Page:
Coolant loss, slow

2007 Chevy Silverado Classic 1500 LT, 5.3 Flex fuel, 4x4. 225k miles

I’ve noticed a slow coolant loss since I bought this truck 2 years ago, about a quart between oil changes at 3k intervals. About 6 months ago, one of the QDs (quick disconnects) broke off the heater core and I thought that must have been the problem. It appears it wasn’t.

When the QD broke, I replace all the hoses, QDs, Y’s, water pump and thermostat. Still losing coolant at the same or slightly higher rate. I was worried that it might be a head gasket, and since I don’t have a maintenance history on the vehicle before I bought it, I decided to go ahead and replace the spark plugs and see if there is any evidence of coolant in the cylinders. I don’t see any but looking for a second opinion.

Spark plugs are in order as viewed from the drivers side of the engine.

I get a LOT of condensate draining from the AC so the heater core is my next suspect. I don’t see any coolant in it but it would be very diluted. Can’t find evidence of leaks anywhere else.

I can’t tell anything definitive by the plugs, myself. Make sure the radiator isn’t leaking around the end tanks (where the plastic meets the alum). I’ve had those leak slightly for a pretty good while before I found the leak. GM did had some problems with certain head castings cracking. Would probably be evident by removing the valve cover.

You might consider bypassing the heater core for a while and watching the coolant level. If the level still drops with it bypassed, you don’t have to tear the dash apart to get to the heater core.

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Top row 3rd from left, looks a little cleaner/whiter, possibly being steam cleaned by small leak.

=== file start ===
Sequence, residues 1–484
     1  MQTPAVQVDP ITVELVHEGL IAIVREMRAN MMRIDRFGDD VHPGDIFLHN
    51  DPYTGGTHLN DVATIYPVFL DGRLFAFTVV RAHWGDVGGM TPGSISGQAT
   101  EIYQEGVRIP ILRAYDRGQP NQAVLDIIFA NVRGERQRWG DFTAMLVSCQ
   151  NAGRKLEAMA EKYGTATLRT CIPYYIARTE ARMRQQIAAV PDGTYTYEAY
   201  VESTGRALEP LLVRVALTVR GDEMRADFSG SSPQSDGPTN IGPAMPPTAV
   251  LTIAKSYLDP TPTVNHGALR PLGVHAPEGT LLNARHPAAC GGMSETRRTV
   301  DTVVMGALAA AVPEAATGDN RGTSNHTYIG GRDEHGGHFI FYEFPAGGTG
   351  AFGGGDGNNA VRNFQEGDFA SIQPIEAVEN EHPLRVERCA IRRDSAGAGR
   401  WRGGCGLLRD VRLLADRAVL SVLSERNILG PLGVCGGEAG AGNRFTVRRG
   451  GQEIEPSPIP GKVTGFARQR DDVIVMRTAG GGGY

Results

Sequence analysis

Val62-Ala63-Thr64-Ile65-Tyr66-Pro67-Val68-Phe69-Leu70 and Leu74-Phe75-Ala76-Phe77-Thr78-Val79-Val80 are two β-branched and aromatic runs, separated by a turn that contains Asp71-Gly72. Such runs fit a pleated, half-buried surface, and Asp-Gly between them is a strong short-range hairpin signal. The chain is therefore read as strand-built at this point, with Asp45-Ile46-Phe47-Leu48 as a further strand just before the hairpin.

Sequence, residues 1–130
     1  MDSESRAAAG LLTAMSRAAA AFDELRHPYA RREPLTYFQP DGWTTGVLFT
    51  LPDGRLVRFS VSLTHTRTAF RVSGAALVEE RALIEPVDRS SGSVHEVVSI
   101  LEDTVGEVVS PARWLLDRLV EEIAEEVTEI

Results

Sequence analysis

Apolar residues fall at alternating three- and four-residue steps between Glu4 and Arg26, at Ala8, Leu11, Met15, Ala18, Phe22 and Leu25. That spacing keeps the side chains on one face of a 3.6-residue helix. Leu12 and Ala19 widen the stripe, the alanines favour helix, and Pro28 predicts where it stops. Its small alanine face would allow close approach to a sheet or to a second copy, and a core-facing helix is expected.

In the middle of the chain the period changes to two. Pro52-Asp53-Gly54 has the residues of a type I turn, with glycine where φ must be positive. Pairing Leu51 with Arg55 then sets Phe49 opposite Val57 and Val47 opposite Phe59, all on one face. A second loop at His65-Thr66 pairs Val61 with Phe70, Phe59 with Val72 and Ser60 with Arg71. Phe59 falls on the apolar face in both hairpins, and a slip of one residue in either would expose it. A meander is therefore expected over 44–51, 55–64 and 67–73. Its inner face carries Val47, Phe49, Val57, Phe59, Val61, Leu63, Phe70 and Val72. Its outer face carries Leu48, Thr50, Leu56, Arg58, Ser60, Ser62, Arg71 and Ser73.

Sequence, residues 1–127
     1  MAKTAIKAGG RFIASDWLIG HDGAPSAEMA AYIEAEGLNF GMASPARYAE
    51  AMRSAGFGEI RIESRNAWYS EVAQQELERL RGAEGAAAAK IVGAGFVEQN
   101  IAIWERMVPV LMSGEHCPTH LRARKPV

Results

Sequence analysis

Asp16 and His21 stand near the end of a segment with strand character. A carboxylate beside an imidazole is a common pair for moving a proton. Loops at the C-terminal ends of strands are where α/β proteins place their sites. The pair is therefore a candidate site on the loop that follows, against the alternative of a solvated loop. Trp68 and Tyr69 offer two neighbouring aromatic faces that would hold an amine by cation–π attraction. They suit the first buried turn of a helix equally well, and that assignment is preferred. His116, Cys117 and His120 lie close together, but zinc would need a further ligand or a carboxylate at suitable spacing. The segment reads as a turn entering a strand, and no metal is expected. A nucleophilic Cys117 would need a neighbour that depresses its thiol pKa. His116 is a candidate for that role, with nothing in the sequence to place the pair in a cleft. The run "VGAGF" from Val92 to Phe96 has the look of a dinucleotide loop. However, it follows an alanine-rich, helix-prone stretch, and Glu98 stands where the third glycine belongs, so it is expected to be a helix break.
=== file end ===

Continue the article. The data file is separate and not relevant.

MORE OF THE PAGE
I saw that too. Looks cleaner, but I wouldn’t want to change the gasket just yet because of it.

I am going to assume you also changed the radiator cap?

I see the difference in the plugs, but not sure it would be from the coolant.

How about pressure testing it. You can borrow a tester from Autozone and probably other stores.

For as small of leak he has, Head gasket would be on bottom of list seeing it’s been going on for 2 years and not getting worse.

Radiator cap, or even small leak, hairline crack in overflow reservoir.


Plus some more characters.

A weep hole in my water pump broke, but it leaked so slowly and only when I was moving, so it didn’t leave a puddle when I parked and whatever leaked evaporated before I could see a trail on the pavement. I was moving cross-country at the time so just kept on putting in more coolant and stop-leak until I had time to look more closely. '87 Toyota pickup.

Water pumps on this model have a history of leaking starting at around 250k miles so that is why I did a preemptive replacement. It’s a new AC Delco pump that came with a new thermostat installed.

It doesn’t have a radiator cap, just a reservoir cap.

If I fill past the parting line, the reservoir quickly goes down to just below the parting line, then slowly drops after that. I don’t see any stains outside the reservoir. I use Dexcool and it is notorious for staining. When I bought my 97 Nissan truck new, it lost about the same amount of coolant from new. When the first coolant change was due I used Dexcool. Within a month, I found an orange trail from the thermostat cover (gooseneck). I pulled the radiator hose and found a cold shut in the casting. Got a new one and never lost a drop of coolant after that.

I checked the radiator end cap seals and so far haven’t found any evidence of a leak there either.

I think I’m going to get some coolant dye that is compatible with Dexcool, they sell it on Amazon.

Try replacing the pressure cap.


OK I’ll try that, can’t hoyt.

no coolant smell inside the cab . . . ?

There should be a coolant transfer pipe on the front of the engine, plus 2 similar “plugs” at the back of the engine. I’m mentioning the plugs because left and right heads are identical, and each end has the hole for the transfer pipe. One end has the transfer pipe, the other has plugs insead. The seals commonly leak after several years.

I’ve seen the coolant reservoir develop hairline cracks on the bottom . . . very hard to see without a mirror and a good light